The headline is from a Jay Rosen essay about the role of reporters which always struck me as the right way to think about the role of the correspondent.
I’m planning on taking a year-long trip. John encouraged me to write about it, and maybe I will. I won’t be posting for a few days as my wife and I travel to the Dakotas to take care of her mother, who has treatable, curable cancer in her mid-80s and is tolerating chemo quite well. Unfortunately, this will be a replay of my trip there last year to take care of my mother, also in her mid-80s, who was dying of a less treatable, not curable cancer. Since the vaccination rate in the county where we’re heading is 37%, we’ll be N95’ing it and on a quasi-lockdown.
I don’t know if I’ll write about our destination’s lack of vaccination — there’s not much to say other than Fox News, Facebook, lack of education, and pure prideful stubbornness. But if I do write about it, I won’t be writing stuff like this CBC story about a rural Manitoba municipality (similar to a county) with a 24% vax rate:
An explanation for Stanley’s low vaccination rate cannot be attributed to a single cause, residents and historians say.
Any account deserves a nuanced, layered understanding, they say, but it stems at least partially from generations of conservative Christians who feel the government has repeatedly turned on them.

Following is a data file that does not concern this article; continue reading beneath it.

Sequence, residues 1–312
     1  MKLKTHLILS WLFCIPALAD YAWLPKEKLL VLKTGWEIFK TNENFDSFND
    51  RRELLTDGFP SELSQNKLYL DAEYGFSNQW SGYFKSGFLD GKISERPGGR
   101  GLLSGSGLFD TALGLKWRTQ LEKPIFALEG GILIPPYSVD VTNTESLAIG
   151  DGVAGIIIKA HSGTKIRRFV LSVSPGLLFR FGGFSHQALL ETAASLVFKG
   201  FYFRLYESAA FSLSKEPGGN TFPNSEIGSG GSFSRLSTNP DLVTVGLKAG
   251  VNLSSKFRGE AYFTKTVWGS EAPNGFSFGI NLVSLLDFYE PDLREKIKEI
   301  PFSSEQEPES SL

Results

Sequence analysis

“Partially” is doing some heavy work in that sentence because the area was settled by Mennonites. But at least they hint at the real issue:
The scourge of misinformation is evident in some of the discussions CBC had in the municipality. Among them, a retired nurse offered an array of debunked falsehoods, including ivermectin — a horse dewormer that also has a different formulation for prescribing to people with parasitic worms — being a cure for COVID-19, the local hospital filling up because people got vaccinated and even a person becoming blind because they were inoculated. None of those statements is factual.
If the Herman Cain Awards and SorryAntiVaxxer.com has shown anything, it’s that a few stupid memes repeated like prayers on Facebook, combined with a political effort to turn being unvaccinated into a tribal identity, has yielded a group of people who refuse the vaccine. Is there anything there that requires “nuance” or “layers”? If so, I don’t see it.